By Elena Morgan 

The e-reader market has spent more than a decade undergoing a fitful and sporadic development into something of major scope, and this process didn’t really start to take off until the end of the first decade of the 2000’s. Today, however, e-readers have finally become practical, easy to use, and also finally have access to a major marketplace of digital books which can be downloaded to them.

However, the e-reader itself as a distinct piece of technology is slowly disappearing to the simultaneous proliferation of the tablet market. Tablet computers are outfitted with almost all of the same features as their purely e-book-displaying cousins, but also come with so many more features, making them the much more popular choice amongst most college students. Essentially, tablet computers are computers with e-reading capacity and thus also qualify as e-readers. Let’s take a look at how both have impacted university students and the campuses where they study.

The Impact of Classical E-Readers

The classic e-reader that has been on sale since 2010 under brands such as the Amazon Kindle, Kobo and Sony Reader has had what could be called a mixed impact on college campuses across the United States and other developed countries. Its limited capabilities are one of the device’s key limitations. Students engage in a process that is much more dynamic than simply reading textbooks and picking up information; this complexity includes information sharing, Google-searching, and communicating (with friends, other students and professors) on a regular basis.

What students generally seem to prefer—according to recent studies conducted by University of Washington researchers—are devices that can give them the ability to read digitized books portably while at the same time allowing open access to the entire Internet and all its social networks and search systems. This is where classic e-readers have failed quite badly, because all they’ve really been—until very recently—are portable e-book-carrying machines.

This basic function is something e-readers still do better than tablets, since their lack of video, audio and other interactive capabilities gives them a much longer battery life, and their specialized “electronic paper” reading format creates much clearer text visibility under bright conditions. For students, however, that doesn’t make up for all the additional features that tablets with e-book capability possess.

Limitations on Copying and Sharing

There is one additional problem with some e-readers: They don’t accept unrecognized formats or digital books that don’t have full copy protection or distribution licenses. Although this is designed to protect publishers’ intellectual rights, the reality is that students who don’t like paying $60 for a digital version of their paper textbooks—especially when they can find cheaper copies online—simply won’t bother with an e-reader that prevents them from uploading or downloading pirated books.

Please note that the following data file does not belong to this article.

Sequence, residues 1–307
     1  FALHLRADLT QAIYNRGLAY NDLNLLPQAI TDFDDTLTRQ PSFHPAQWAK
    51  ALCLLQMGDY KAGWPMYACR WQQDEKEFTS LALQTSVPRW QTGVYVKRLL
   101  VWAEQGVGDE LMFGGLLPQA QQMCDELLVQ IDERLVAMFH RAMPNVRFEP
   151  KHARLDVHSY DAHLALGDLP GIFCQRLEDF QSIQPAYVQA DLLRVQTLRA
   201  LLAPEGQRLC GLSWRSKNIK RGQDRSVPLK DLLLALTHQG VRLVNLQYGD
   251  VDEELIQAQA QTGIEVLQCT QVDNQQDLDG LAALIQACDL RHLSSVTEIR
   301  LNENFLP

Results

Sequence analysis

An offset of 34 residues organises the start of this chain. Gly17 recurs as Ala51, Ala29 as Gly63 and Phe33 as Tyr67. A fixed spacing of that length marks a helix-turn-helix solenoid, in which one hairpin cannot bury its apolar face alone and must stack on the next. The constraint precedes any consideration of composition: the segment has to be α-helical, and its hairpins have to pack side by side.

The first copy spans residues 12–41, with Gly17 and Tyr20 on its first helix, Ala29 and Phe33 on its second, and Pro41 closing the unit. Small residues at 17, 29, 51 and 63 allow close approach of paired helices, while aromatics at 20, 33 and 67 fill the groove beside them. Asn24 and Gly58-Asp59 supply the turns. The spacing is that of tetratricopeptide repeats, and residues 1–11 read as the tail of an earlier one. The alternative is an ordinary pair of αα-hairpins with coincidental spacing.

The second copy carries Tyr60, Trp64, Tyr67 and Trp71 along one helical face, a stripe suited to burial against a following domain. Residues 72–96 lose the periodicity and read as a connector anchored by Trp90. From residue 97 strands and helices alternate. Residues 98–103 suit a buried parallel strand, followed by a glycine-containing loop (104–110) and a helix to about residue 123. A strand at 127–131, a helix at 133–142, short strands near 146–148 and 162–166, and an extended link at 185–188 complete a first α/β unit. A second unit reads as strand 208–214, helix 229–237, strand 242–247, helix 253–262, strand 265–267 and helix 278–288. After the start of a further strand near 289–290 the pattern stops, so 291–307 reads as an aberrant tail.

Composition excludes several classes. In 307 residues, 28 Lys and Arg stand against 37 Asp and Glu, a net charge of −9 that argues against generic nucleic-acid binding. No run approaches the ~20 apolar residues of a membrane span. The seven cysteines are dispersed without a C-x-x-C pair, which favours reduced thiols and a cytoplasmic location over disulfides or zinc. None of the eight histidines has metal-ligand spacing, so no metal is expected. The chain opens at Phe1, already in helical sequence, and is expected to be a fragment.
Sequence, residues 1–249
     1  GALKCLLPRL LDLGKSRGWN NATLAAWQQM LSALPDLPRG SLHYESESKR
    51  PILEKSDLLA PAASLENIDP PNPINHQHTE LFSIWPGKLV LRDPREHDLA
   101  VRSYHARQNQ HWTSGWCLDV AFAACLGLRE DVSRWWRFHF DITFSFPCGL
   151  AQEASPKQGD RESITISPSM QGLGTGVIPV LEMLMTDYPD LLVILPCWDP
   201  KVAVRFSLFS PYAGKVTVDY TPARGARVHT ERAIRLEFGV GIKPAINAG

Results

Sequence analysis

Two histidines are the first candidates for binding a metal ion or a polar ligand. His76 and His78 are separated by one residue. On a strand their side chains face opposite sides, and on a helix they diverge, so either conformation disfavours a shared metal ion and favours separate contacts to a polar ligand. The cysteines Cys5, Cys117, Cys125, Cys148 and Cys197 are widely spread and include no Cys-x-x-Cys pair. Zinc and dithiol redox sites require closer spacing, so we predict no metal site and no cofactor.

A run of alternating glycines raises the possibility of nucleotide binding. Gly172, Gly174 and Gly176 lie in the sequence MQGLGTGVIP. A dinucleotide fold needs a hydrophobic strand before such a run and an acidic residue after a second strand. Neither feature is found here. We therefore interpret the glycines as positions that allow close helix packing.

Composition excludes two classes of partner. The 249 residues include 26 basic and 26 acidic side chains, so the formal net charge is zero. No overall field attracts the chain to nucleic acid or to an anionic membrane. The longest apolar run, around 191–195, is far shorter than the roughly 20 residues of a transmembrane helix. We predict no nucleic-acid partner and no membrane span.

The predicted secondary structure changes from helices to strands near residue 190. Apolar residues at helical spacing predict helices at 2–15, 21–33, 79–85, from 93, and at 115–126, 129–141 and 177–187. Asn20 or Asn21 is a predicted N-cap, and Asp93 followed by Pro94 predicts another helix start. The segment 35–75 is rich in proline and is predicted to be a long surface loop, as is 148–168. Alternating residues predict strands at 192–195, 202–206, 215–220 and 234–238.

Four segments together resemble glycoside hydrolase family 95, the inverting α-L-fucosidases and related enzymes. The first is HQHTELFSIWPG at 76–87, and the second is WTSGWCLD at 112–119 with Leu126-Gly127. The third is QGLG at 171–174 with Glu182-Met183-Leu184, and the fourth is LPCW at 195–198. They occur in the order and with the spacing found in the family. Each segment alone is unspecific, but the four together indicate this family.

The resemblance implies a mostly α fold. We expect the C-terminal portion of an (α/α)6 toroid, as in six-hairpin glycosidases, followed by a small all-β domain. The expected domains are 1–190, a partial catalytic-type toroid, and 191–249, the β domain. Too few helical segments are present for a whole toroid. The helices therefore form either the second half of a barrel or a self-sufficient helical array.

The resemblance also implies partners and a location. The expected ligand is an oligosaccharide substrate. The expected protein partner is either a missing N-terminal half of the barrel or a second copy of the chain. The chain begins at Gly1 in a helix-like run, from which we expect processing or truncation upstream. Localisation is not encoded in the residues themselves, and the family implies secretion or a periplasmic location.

The fact that many of these devices also prevent text copying and sharing is another point against them amongst a a student body that loves to engage with its friends—and friendly websites—across the social networks and the Internet in general.

The Arrival of the Tablet PC as an E-Reader

This is where tablets come into the student picture: The technology author Michael J. Saylor, in his book The Mobile Wave: How Mobile Intelligence Will Change Everything, says that e-readers will become pointless once the technology they possess is absorbed by the much more versatile and powerful tablet computer. So far, this is proving to be a very astute prediction. Although simple e-readers of all types sold at a rate of nearly 13 million units in 2011, this figure pales in comparison to sales of tablet computers, which were estimated at more than 60 million in the same year, and expected to more than double by the end of 2012.

Tablets are far more widespread amongst students simply because they give them access to everything they’ve already become accustomed to with their PCs, laptops and smartphones. College students get their hands on a tablet computer, and they can use it to read books in almost any format they’d like. They can copy the books, annotate them, and share them with all their friends on social networks and websites.

These are big advantages. And beyond just these e-reading bonuses, there’s everything else a tablet computer allows college students to do: web surfing, photo taking, video capturing, info sharing, and communicating through a whole array of downloadable mobile apps. Best of all (as far as students are concerned), tablets are getting cheaper by the year, and already don’t cost much more than an e-reader with limited abilities.

No normal e-reader that only displays digital books can compete with this kind of technology, even if it costs anywhere from one hundred to a few hundred dollars less. Carrying an e-reader around as a separate item becomes a burden.


Having become the much more popular choice, tablets as e-readers are becoming widespread, and giving college students access to much more portable sources of valuable study information, research tools and communication power. This has led to some problems with students cheating on exams or getting overly distracted during class time, but the overall effect has been beneficial with all the expanded computing portability tablets give to young people.

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About the Author: A former educator, Elena Morgan spends most of her time consulting schools and teachers on how to best utilize technology in the classroom. In her free time, she enjoys interior design and writes for Unison.